Westermann’s active nature, particularly her decision to teach, has allowed her to establish credibility as a leader, especially among the faculty. This became more important as Covid-19 increasingly disrupted academic life, presenting many challenges to professors.
“I think [teaching] demonstrates her commitment to the undergraduate education part of our identity, which is the core of that liberal arts idea … But it also really gives her a tremendous amount of credibility when she’s talking about teaching,” said Matthew Silverstein, Associate Professor of Philosophy and a member of the Faculty Steering Committee. “It makes it clear to [faculty] that she understands what we are going through. … A great example of that has been the transition to online teaching. … She has been able to speak about that in a very compelling way because she’s doing it herself.”
While universities in the UAE and around the world shut down as a result of the Covid-19 pandemic, NYUAD stands out as one of the few that has kept its campus open to students despite the transition to online classes. This is especially notable considering that NYU New York gave students only a 48-hour notice to vacate their dorms.
As the semester comes to a close, hundreds of students remain housed on the NYUAD campus. As a safety precaution, most contracted staff live in hotels in the city to limit their exposure to the wider public and thereby lower the risk of the virus spreading on campus. As an additional precaution, a fraction of contracted staff is being housed in dorms on campus to secure essential functions in the unlikely event that travel from Abu Dhabi to campus becomes impossible. At the time of writing, no one living on campus is known to have contracted the virus.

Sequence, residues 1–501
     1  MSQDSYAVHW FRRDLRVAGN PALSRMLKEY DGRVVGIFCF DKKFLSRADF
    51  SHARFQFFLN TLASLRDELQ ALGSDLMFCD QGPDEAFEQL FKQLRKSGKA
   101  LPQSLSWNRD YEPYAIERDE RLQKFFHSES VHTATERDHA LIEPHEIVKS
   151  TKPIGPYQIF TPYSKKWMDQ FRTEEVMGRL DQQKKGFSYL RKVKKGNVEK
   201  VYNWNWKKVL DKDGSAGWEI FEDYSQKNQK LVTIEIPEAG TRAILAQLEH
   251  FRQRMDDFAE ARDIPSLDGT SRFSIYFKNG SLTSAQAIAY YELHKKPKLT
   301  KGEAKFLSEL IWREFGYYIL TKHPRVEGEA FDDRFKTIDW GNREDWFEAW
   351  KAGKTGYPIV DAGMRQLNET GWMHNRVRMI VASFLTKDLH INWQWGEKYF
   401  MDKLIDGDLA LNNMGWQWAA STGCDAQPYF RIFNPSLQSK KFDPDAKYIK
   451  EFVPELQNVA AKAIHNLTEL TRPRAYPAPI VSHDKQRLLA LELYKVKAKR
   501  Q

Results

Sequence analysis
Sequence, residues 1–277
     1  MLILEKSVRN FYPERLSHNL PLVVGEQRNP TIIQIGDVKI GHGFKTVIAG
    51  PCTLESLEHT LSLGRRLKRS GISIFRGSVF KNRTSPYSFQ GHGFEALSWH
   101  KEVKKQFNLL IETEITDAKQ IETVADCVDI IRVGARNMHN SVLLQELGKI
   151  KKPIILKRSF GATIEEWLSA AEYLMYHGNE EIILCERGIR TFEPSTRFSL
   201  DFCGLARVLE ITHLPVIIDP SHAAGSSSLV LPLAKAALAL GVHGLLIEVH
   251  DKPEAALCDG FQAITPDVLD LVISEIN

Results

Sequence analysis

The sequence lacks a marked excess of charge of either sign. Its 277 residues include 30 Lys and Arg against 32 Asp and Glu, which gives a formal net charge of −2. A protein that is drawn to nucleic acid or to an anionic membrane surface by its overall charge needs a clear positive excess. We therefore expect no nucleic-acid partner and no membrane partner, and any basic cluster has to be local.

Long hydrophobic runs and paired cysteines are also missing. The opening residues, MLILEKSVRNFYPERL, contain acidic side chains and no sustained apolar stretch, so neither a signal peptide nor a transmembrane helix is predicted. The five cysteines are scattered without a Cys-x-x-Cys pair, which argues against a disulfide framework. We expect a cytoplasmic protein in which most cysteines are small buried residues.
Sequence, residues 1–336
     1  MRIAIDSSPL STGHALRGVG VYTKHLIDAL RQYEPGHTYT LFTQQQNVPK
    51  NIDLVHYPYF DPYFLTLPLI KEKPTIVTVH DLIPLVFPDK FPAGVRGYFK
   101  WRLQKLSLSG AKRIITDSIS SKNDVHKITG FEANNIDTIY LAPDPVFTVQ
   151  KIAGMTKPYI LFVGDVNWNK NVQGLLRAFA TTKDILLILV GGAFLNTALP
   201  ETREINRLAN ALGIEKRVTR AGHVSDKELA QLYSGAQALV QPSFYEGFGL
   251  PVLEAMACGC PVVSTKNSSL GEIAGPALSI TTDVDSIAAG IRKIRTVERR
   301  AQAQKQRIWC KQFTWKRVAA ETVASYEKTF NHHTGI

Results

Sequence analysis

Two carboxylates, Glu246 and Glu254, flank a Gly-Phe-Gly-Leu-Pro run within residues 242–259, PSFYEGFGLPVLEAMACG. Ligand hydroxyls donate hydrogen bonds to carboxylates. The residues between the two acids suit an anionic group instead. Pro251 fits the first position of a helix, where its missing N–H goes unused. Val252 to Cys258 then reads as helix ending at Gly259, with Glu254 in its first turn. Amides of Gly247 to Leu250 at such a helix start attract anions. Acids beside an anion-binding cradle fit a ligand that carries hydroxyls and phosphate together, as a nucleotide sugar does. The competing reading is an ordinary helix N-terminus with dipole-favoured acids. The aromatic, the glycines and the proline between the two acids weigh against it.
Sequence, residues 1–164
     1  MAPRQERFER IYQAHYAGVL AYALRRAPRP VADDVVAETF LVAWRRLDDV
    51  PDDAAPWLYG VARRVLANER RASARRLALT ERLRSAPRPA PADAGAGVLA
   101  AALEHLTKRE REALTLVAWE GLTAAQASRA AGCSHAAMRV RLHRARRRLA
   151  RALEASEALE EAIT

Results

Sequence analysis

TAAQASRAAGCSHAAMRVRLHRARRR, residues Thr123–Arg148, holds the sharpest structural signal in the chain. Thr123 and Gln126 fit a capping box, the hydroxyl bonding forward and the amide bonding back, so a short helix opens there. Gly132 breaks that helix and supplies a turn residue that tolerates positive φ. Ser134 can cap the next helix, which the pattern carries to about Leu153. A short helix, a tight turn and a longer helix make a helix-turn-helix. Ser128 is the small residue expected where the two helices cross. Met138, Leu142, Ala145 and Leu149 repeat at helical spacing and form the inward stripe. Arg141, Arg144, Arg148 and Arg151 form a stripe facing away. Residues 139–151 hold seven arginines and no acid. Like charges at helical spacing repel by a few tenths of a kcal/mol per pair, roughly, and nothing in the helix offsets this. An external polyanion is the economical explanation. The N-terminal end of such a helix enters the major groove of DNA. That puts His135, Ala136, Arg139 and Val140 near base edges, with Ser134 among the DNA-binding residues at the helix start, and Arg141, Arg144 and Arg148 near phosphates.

As Westermann has announced more stringent social distancing measures on campus over the semester, her leadership skills have come under greater scrutiny. However, many students, faculty and staff have been generally impressed by her performance thus far.
“I think that in a crisis, you really see people’s capacity as leaders, and she has clearly risen to the occasion,” said Kirsten Edepli, Professor of Biology and Vice Provost for Faculty Development and Diversity. “She is so calm and calming. She’s so extremely capable. I really think that she has the trust of the community that she’s making the right decisions.”
In April, Westermann announced the creation of NYUAD’s Covid-19 Community Fund to help students, contracted staff and other community members who are suffering from hardship as a result of the pandemic. As of April 27, the fund had collected close to 60,000 USD, with some community members such as Carol Brandt, Vice Provost and Associate Vice Chancellor for Global Education and Outreach, promising to match the fund’s collections personally.
“I think [the Covid-19 Community Fund] is an incredible initiative from [Westermann] and her husband, Charlie, to support the community and help demonstrate that we get this amazing funding from the government, and we are grateful for that, but we also are able to support and to give to NYU Abu Dhabi,” said Fatma Abdulla, Senior Vice Provost for Strategy and Planning. “I think that was a big demonstration of her level of commitment to the university and its students, staff [and] faculty.”
In particular, her constant communication and greater transparency have been lauded by many. Since the onset of the pandemic, the number of communications from Westermann’s office has increased. Starting in March, as measures tightened, she began hosting a series of town halls targeted at different community stakeholders. Her forthrightness and frequent communication have impressed many.
“I appreciate the openness she has held in being present for the town halls, in being available and accessible for conversation,” said Rawan Dareer, Class of 2020. “I think that’s something that is so important. We don’t all like all the decisions that are being made, but at least we all understand why they are being made. And that’s something that’s very important to me.”